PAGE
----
The Transition to Best-Case Scenario Trading in Forex

Posted by Arif Alexander Ahmad on 23-Jul-2019 05:31:15

Behind every new venture, there’s a story. Of course, there are always two sides: the real business model and the motivational legend. The first involves executive “sacred knowledge." The second serves as a motivational legend for everyone else.  In this article, I'd like to take a deeper look at the two sides that exist in any Forex story: the trader and the brokerage. More specifically, within the confines of Forex, how can a trader find profit and success? 

I'd say the magic happens, as always, on the borderline. It occurs when you get a vision of both stories making sense synchronously. There's no contradiction or limitation; comprehension arrives in a kōan-like manner. During my "ten year challenge," in the trading industry, I've seen common misconceptions exploited in the service of sales mojo. Reflecting on my decade of experience, I’d like to explore those myths and legends and reveal how they affect the trader's ability to succeed.  

A Books, B Books, and Hybrids

When it comes to Forex trading, three systems determine how a client interacts with their broker: A Book, B Book, and the hybrid model. While A Book trades favor the client, B Book, or “dealing desk” trades are more beneficial for the brokerage. In a hybrid model, the clients fall into A Book or B Book based on their profitability.

So what’s the difference and what should you keep an eye on? In A Book trading, used by ECN/STP brokers, intermediaries are used to send client trading orders to liquidity providers or multilateral trading facilities (MTFs). This trading puts the client at the forefront and eliminates the conflict of interest that can exist when brokers trade against their clients. In this scenario, brokers make money by charging commissions on volume orders or increasing the spread. Because the broker makes money on both winning and losing trades, there is no incentive to bet against the client.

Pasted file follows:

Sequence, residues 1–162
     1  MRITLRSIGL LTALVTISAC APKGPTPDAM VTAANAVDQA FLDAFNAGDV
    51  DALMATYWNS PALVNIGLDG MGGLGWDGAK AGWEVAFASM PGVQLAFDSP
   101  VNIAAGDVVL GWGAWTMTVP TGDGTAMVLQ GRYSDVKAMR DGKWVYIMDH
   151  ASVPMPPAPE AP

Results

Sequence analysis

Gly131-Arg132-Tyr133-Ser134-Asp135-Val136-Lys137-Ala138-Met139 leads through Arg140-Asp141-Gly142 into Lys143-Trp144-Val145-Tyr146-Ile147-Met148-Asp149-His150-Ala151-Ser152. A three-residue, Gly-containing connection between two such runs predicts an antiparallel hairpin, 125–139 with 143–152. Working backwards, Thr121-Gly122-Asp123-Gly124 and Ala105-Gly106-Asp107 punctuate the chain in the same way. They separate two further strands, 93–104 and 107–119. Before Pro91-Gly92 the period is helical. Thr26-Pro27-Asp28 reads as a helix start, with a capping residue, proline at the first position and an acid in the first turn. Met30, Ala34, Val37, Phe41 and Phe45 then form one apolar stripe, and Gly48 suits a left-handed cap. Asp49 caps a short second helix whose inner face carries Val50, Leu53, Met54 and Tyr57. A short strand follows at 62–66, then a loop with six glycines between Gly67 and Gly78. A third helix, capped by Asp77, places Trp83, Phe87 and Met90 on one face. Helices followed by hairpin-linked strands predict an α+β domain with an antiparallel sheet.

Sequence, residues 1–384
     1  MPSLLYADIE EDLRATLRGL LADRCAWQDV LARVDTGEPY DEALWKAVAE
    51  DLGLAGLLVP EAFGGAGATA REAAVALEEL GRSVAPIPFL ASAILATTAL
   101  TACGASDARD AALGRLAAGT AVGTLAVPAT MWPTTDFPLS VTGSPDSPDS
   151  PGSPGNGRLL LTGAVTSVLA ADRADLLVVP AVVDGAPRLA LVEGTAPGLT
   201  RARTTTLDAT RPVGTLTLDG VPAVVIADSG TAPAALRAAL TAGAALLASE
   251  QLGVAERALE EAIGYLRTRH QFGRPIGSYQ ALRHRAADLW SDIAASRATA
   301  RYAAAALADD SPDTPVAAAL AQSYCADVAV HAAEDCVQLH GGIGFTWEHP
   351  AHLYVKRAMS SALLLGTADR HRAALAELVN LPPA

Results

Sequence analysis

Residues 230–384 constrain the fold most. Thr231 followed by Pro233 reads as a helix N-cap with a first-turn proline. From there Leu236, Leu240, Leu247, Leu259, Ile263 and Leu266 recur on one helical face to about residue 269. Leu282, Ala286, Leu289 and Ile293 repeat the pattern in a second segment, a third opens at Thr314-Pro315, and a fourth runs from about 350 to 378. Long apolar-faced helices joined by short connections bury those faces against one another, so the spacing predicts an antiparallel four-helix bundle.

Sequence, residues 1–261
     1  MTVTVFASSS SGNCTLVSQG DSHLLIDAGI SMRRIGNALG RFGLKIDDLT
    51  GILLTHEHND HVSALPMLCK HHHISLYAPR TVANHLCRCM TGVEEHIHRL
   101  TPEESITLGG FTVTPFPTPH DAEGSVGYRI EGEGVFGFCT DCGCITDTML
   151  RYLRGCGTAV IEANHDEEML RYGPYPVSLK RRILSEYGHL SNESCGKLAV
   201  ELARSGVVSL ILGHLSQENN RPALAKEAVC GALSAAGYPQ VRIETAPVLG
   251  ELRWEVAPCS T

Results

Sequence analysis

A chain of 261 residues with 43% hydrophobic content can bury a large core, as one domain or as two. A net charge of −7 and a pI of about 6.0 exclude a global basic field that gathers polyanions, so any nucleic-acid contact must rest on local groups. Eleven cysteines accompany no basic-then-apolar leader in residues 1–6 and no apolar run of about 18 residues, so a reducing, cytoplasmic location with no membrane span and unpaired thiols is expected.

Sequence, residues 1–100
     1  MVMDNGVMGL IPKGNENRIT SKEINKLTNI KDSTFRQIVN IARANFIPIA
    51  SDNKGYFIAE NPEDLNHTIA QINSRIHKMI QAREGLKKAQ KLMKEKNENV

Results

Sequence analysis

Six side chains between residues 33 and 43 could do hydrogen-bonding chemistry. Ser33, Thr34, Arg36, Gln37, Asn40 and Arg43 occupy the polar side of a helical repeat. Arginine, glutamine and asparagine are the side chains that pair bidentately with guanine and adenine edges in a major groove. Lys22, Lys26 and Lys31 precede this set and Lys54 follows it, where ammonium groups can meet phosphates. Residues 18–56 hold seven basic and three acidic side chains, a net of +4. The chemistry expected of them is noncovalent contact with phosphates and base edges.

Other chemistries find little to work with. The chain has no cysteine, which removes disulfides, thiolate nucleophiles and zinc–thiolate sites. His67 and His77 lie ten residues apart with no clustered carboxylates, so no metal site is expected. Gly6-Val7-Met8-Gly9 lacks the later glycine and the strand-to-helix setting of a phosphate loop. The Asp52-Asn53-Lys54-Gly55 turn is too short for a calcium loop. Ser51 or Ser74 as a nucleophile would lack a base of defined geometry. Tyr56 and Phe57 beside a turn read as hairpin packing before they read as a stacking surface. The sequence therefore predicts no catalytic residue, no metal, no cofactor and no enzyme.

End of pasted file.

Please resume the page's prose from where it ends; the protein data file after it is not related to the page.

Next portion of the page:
For Forex brokers using B Book, client orders are collected internally and the broker profits when the client fails. Brokers manage risk through internal hedging, spread variations, and by matching opposite orders. Because so many traders lose money in Forex, B Book can be very profitable for brokerages. Unfortunately, the profit comes at a price - the disadvantage (and loss of funds) of the client.  

In a hybrid model, brokerages use software to identify successful and unsuccessful clients by analyzing their orders. By filtering traders based on the deposit amount, leverage, risk, and other elements, brokers can divide their clients into two groups: winners and losers. The winners get A Book treatment, and the losers must settle for B Book. 

As you can imagine, A Book is becoming the popular choice for Forex traders because they aren’t at odds with their broker. Removing the incentive to bet against the client and focus on the trades activity to create profit creates a more amicable environment and helps forge a stronger relationship between the trader and their broker. Additionally, profitable trades actually increase trading volumes and positively impact the broker’s profits, which encourages brokers to help their clients succeed.